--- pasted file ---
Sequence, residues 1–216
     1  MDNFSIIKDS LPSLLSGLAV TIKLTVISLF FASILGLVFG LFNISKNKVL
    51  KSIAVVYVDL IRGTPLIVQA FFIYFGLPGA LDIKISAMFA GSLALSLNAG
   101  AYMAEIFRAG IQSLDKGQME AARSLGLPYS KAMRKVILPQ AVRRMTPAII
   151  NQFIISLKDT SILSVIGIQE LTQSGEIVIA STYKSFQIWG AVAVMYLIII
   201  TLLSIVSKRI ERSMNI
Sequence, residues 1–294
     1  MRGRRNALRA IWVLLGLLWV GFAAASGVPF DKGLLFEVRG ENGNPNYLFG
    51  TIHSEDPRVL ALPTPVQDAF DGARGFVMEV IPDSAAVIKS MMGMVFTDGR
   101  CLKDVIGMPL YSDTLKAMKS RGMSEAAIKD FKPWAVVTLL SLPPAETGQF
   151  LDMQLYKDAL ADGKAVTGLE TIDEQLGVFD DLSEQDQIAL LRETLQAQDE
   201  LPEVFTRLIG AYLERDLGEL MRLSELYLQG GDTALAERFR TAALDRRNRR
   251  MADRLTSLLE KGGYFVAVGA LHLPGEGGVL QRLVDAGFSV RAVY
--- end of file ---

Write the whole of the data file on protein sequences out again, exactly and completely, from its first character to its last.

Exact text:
Sequence, residues 1–216
     1  MDNFSIIKDS LPSLLSGLAV TIKLTVISLF FASILGLVFG LFNISKNKVL
    51  KSIAVVYVDL IRGTPLIVQA FFIYFGLPGA LDIKISAMFA GSLALSLNAG
   101  AYMAEIFRAG IQSLDKGQME AARSLGLPYS KAMRKVILPQ AVRRMTPAII
   151  NQFIISLKDT SILSVIGIQE LTQSGEIVIA STYKSFQIWG AVAVMYLIII
   201  TLLSIVSKRI ERSMNI
Sequence, residues 1–294
     1  MRGRRNALRA IWVLLGLLWV GFAAASGVPF DKGLLFEVRG ENGNPNYLFG
    51  TIHSEDPRVL ALPTPVQDAF DGARGFVMEV IPDSAAVIKS MMGMVFTDGR
   101  CLKDVIGMPL YSDTLKAMKS RGMSEAAIKD FKPWAVVTLL SLPPAETGQF
   151  LDMQLYKDAL ADGKAVTGLE TIDEQLGVFD DLSEQDQIAL LRETLQAQDE
   201  LPEVFTRLIG AYLERDLGEL MRLSELYLQG GDTALAERFR TAALDRRNRR
   251  MADRLTSLLE KGGYFVAVGA LHLPGEGGVL QRLVDAGFSV RAVY